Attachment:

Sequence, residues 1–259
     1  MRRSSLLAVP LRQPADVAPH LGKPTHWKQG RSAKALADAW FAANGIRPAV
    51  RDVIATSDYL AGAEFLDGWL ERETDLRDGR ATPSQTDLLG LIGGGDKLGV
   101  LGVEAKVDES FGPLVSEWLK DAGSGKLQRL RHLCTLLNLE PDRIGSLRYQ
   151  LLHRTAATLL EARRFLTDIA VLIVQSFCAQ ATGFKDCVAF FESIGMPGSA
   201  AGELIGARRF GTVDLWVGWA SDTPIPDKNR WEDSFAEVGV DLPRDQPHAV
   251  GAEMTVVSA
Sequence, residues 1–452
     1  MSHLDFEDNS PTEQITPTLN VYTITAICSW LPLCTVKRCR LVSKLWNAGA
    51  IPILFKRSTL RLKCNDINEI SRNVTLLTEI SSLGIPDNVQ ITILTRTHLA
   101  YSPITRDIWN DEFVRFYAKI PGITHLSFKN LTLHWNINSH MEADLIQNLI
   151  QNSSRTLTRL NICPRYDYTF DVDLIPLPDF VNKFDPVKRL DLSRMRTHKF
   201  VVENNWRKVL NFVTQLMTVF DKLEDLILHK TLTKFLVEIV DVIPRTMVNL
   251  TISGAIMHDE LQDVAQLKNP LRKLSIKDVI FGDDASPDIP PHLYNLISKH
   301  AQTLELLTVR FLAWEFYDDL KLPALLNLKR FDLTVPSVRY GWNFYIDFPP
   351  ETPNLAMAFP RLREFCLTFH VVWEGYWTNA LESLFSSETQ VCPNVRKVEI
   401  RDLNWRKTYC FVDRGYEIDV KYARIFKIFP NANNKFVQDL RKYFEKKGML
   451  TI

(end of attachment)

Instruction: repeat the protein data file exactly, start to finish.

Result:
Sequence, residues 1–259
     1  MRRSSLLAVP LRQPADVAPH LGKPTHWKQG RSAKALADAW FAANGIRPAV
    51  RDVIATSDYL AGAEFLDGWL ERETDLRDGR ATPSQTDLLG LIGGGDKLGV
   101  LGVEAKVDES FGPLVSEWLK DAGSGKLQRL RHLCTLLNLE PDRIGSLRYQ
   151  LLHRTAATLL EARRFLTDIA VLIVQSFCAQ ATGFKDCVAF FESIGMPGSA
   201  AGELIGARRF GTVDLWVGWA SDTPIPDKNR WEDSFAEVGV DLPRDQPHAV
   251  GAEMTVVSA
Sequence, residues 1–452
     1  MSHLDFEDNS PTEQITPTLN VYTITAICSW LPLCTVKRCR LVSKLWNAGA
    51  IPILFKRSTL RLKCNDINEI SRNVTLLTEI SSLGIPDNVQ ITILTRTHLA
   101  YSPITRDIWN DEFVRFYAKI PGITHLSFKN LTLHWNINSH MEADLIQNLI
   151  QNSSRTLTRL NICPRYDYTF DVDLIPLPDF VNKFDPVKRL DLSRMRTHKF
   201  VVENNWRKVL NFVTQLMTVF DKLEDLILHK TLTKFLVEIV DVIPRTMVNL
   251  TISGAIMHDE LQDVAQLKNP LRKLSIKDVI FGDDASPDIP PHLYNLISKH
   301  AQTLELLTVR FLAWEFYDDL KLPALLNLKR FDLTVPSVRY GWNFYIDFPP
   351  ETPNLAMAFP RLREFCLTFH VVWEGYWTNA LESLFSSETQ VCPNVRKVEI
   401  RDLNWRKTYC FVDRGYEIDV KYARIFKIFP NANNKFVQDL RKYFEKKGML
   451  TI